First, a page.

Before the event, racks of brightly patterned wrap dresses are wheeled into an exhibit space at The Contemporary Art Museum of Saint Louis. In a storage room, women are disrobing, slipping soft fabric over their head, peering over their shoulder at a propped mirror. One emerges and gasps when she sees von Furstenberg a few feet away, rifling through one of the racks, then holding a dress against the young woman to gauge the effect. She hugs easily, lets admirers grab her hands and hang on to them for the entire conversation. At seventy-six, she hikes, swims, and wears little makeup. She came early to St. Louis because she loves to shop and talk with other women. Seeing a few Midwestern bows, she gently shows the women how to pull the fabric tight across their breasts and make a single loop. It will stay. No need for a fussy, anxious bow.

A tiny metaphor for the breezy confidence that has swept her through life.

On the other side of the wall is a video installation by another textile artist, her fabric patterned with photos of St. Louis neighborhoods. With a different fashion designer, the contrast of a piece about racial justice would have been sharp enough to draw blood. Not here; von Furstenberg has used her success to fight for more representation of people of color, more opportunities for women, more dignity accorded to immigrants, more sustainable practices in fashion….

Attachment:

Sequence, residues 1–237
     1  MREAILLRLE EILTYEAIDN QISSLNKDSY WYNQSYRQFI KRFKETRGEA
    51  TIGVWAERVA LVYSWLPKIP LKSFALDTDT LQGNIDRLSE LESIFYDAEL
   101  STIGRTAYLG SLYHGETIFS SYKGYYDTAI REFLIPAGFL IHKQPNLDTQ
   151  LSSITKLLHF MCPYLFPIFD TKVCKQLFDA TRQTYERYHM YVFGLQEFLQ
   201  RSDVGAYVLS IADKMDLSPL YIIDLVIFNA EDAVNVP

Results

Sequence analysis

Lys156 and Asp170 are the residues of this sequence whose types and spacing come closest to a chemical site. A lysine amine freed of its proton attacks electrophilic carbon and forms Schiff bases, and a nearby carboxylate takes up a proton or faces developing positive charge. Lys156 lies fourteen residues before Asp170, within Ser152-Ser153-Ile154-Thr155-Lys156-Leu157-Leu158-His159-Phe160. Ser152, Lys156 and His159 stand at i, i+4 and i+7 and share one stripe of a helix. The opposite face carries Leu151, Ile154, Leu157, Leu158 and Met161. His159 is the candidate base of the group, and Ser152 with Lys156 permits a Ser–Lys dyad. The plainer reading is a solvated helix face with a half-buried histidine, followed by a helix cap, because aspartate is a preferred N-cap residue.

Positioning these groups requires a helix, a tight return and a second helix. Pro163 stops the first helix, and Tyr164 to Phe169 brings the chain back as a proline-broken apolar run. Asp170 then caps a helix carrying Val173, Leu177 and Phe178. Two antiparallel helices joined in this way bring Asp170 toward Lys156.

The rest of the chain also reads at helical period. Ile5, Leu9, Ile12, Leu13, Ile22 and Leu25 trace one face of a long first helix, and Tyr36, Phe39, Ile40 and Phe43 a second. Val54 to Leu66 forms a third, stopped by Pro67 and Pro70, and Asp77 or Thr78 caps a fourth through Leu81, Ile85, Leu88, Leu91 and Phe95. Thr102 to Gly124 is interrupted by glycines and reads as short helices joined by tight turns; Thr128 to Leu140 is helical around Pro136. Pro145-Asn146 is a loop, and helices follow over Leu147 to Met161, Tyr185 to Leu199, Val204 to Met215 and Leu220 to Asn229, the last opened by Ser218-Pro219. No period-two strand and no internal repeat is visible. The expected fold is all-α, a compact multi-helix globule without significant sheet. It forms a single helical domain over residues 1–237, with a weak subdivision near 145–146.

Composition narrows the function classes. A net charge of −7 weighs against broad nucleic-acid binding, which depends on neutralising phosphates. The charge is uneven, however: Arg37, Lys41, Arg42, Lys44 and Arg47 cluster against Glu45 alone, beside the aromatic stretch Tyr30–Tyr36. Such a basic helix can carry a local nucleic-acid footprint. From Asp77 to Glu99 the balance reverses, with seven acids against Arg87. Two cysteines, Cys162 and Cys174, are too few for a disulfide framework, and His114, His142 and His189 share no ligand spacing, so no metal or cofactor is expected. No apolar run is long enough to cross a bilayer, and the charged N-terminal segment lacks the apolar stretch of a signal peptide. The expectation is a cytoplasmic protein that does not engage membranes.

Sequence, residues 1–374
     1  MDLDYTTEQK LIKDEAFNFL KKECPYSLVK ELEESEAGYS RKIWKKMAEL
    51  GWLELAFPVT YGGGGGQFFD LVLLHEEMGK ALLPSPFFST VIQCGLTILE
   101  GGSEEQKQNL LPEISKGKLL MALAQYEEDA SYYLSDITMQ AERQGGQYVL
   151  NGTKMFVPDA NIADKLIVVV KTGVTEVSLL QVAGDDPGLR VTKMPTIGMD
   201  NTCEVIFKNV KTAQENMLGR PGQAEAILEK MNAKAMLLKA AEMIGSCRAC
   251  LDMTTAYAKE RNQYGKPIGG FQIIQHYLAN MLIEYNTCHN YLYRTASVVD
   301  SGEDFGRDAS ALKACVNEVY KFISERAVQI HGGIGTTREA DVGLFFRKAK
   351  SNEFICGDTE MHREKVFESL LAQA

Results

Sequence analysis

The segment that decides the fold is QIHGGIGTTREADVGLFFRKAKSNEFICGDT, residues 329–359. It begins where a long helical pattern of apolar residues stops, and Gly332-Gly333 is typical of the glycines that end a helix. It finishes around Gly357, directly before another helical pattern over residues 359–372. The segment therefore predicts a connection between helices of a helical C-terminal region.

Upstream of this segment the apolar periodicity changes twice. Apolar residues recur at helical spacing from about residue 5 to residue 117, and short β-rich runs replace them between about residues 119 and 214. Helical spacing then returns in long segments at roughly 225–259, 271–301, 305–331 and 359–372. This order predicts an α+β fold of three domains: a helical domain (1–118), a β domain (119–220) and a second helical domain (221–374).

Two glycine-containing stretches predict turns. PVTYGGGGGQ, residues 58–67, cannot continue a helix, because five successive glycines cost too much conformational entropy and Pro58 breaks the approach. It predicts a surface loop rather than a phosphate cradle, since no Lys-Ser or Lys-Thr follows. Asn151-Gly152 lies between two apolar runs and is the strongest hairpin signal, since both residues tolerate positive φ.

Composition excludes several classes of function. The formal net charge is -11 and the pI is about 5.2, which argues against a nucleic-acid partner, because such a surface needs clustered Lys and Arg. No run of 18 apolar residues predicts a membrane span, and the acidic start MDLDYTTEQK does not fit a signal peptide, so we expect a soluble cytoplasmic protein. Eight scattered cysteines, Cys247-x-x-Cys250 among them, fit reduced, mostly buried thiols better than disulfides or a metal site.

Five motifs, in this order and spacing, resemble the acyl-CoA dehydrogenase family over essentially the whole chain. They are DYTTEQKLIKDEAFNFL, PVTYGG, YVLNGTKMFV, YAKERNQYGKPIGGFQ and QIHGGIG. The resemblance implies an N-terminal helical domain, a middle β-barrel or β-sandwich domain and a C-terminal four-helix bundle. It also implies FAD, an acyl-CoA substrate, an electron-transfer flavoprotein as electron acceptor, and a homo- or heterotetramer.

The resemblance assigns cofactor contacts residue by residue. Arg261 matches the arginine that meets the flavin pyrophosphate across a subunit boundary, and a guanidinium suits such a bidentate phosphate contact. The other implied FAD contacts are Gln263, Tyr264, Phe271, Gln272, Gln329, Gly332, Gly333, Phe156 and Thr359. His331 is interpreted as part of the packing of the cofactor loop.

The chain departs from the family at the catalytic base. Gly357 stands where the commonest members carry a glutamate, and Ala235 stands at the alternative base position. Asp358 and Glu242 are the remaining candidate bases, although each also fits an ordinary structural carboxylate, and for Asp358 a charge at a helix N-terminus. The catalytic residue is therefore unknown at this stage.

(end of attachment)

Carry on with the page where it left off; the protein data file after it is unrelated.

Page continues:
She is more, far more, than The Dress.

One of her nature-inspired patterns follows Buckminster Fuller’s geodesic dome in Patterns 2. Design, Art and Architecture. She served for years as president of the Council of Fashion Designers of America. She helped establish the Statue of Liberty Museum. She was awarded the Legion d’Honneur (the day before lockdown). Ruth Bader Ginsberg’s last public appearance was to receive a DVF Award.


•  •  •


Women had worn wrap dresses before—Elsa Schiaparelli’s in tussore silk, cheap cotton “Hooverettes” during the Great Depression, crisp poplin in the fifties. But for hers, von Furstenberg used a light, soft, clingy, wrinkle-free cotton-rayon jersey that followed the curves of a woman’s body then fell free, draping lightly, opening to allow a glimpse of thigh as she walked. The Dress looked professional and put-together, yet was as comfy as pajamas. Within the first two years, she sold two million.

She was still in her twenties.